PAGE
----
You have one day left to vote on the NSS boycott

The NSS means universities with higher ratings may be able to charge students higher tuition fees


The Guild is holding a ‘preferendum’ over whether it should campaign to boycott the National Student Survey, which has proposed that universities with higher ratings may be able to charge students higher tuition fees. The Guild website has explained:

“The government is planning changes to higher education. One of the plans is to introduce a Teaching Excellence Framework (TEF) to assess teaching quality. How an institution scores in TEF could affect tuition fees – it is suggested that Institutions that score highly will be allowed to charge higher fees.

“Delegates at this year’s National Union of Students (NUS) National Conference voted for the NUS to find the most effective strategy to challenge this – either by boycotting or sabotaging the National Student Survey. The NUS has consulted with their members and launched a campaign to cut the link between tuition fees and TEF. NUS will support Students’ Unions to take action against the TEF.”

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There are three voting options that students will be able to select by ranking them in order of preference:

  • Yes, the Guild should begin a campaign for students to boycott the National Student Survey.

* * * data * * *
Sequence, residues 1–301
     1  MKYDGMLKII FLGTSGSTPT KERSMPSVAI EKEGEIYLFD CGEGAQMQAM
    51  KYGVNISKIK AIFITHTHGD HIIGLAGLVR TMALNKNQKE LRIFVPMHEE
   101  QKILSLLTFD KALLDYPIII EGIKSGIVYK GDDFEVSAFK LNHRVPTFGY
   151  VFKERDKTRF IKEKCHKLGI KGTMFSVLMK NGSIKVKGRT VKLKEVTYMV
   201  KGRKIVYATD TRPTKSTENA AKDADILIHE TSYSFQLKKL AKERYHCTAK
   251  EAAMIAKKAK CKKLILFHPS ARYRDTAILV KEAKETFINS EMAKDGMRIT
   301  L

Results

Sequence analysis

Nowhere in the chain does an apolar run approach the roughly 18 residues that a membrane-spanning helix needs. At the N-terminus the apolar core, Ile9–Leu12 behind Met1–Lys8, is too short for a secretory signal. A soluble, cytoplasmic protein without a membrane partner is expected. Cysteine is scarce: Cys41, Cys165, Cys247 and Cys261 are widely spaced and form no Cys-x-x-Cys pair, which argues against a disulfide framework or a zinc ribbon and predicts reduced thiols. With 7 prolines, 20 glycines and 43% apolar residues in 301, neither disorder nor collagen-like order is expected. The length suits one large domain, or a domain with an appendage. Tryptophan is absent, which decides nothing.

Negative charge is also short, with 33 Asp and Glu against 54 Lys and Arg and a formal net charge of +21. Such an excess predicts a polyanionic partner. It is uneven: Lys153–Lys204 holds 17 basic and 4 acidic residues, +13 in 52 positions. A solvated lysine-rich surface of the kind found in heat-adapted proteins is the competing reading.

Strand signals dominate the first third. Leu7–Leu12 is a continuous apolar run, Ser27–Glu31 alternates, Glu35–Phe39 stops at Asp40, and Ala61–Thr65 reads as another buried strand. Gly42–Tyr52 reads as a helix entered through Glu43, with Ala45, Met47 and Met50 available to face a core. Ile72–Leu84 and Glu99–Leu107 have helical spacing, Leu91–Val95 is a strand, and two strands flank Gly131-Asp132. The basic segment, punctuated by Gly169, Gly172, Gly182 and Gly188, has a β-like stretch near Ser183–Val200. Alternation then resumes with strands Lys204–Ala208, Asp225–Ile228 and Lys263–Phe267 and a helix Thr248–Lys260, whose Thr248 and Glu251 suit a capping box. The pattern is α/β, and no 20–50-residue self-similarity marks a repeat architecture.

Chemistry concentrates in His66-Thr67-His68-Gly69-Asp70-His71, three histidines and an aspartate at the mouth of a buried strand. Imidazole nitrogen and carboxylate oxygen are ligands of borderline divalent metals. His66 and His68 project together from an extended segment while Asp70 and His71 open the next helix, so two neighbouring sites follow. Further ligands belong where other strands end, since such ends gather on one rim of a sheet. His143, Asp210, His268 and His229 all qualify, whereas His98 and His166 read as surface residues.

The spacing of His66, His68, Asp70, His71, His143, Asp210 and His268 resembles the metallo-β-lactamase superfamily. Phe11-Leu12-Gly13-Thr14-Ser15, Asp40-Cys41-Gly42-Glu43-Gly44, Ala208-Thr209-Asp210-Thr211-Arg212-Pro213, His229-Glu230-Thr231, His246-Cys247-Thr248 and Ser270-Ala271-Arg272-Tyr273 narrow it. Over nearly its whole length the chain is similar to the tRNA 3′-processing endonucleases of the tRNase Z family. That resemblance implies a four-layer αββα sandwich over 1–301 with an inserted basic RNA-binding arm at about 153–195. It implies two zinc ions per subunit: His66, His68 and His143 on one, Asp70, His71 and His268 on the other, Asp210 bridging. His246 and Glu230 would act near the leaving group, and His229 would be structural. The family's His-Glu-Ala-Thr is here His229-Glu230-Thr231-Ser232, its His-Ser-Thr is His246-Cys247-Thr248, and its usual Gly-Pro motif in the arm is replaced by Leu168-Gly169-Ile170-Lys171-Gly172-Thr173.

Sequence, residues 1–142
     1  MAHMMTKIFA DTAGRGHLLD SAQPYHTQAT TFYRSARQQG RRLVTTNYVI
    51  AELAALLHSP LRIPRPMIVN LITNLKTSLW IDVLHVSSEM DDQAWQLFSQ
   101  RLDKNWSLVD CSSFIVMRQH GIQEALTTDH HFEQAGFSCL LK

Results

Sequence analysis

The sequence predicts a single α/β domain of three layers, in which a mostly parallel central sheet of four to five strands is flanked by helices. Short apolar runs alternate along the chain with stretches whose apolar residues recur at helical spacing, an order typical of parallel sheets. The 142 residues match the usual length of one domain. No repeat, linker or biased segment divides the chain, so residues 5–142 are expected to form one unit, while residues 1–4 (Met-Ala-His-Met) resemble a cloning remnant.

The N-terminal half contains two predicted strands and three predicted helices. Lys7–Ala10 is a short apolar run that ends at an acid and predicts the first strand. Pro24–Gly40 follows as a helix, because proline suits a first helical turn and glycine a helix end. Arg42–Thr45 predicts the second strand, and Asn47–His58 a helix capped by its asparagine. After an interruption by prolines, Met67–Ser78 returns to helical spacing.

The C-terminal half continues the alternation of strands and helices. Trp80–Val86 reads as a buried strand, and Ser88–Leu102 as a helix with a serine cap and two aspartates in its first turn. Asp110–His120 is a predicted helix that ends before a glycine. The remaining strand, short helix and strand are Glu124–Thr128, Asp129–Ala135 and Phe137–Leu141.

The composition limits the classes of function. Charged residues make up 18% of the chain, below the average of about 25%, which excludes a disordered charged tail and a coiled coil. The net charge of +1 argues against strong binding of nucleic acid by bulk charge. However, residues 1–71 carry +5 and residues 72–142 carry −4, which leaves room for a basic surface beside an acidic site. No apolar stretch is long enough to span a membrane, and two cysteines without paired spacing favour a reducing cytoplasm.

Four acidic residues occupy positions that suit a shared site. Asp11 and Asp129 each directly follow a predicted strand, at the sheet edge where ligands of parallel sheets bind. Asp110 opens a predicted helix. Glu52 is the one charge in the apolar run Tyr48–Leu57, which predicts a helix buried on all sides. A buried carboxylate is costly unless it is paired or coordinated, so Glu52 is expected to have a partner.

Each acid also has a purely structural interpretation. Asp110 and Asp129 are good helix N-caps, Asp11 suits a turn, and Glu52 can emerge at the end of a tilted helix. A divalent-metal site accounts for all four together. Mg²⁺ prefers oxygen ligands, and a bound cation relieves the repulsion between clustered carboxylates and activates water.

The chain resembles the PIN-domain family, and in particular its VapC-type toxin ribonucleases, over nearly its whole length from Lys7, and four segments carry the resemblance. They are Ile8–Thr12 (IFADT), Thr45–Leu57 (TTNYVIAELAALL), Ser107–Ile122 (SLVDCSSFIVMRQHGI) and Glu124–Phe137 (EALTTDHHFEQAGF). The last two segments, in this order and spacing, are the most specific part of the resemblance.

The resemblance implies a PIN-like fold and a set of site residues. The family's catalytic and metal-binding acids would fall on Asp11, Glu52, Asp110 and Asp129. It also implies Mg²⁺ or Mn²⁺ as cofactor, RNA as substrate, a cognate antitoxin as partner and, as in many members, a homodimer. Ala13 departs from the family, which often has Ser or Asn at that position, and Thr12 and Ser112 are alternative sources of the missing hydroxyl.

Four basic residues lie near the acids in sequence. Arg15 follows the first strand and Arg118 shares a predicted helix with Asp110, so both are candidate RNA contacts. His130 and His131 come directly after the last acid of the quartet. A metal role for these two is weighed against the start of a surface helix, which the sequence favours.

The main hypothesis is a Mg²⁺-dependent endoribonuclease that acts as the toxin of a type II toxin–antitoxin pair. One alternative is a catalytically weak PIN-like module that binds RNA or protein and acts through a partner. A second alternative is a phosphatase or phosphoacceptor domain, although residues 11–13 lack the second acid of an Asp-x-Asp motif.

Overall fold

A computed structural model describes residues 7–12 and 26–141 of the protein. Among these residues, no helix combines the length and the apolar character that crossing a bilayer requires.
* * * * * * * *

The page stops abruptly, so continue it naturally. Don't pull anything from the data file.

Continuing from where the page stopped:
• The Guild should only campaign for students to boycott the National Student Survey in the event that the NUS undertake a risk assessment and equality impact assessment and the Guild Officers consider the outcome of such assessments to be satisfactory.
  • No, the Guild should not campaign for students to boycott the National Student Survey.

The Tab spoke to Faisal Yousif and Olly McDowell who told us why they are campaigning to encourage people to vote yes:

“We’re fighting for everyone to boycott this awful survey, which already doesn’t work. Uni’s that score well aren’t better sites, they’re just better at getting students to fill it out. So if you want fees not to go up and you want international students to still be able to come here (see Amber Rudd), then vote yes to boycott!”

They also have a full statement on the Guild website.

Oba Akinwale, deputy president of the Guild, is backing the no vote because he feels boycotting the NSS would not achieve what it sets out to and would therefore be a waste of Guild time and resources. Ananda Mohan, vice president of the Guild, is backing the ‘only if’ vote. This means he believes that we should at first make sure the NUS’s risk assessment and equality impact assessment should be considered first, believing we must wait until we have all the information to ensure the benefits of the boycott will outweigh the risks.

Voting closes at this Friday at 2pm.

The Guild are also asking for students’ votes on student representatives to become NUS delegates.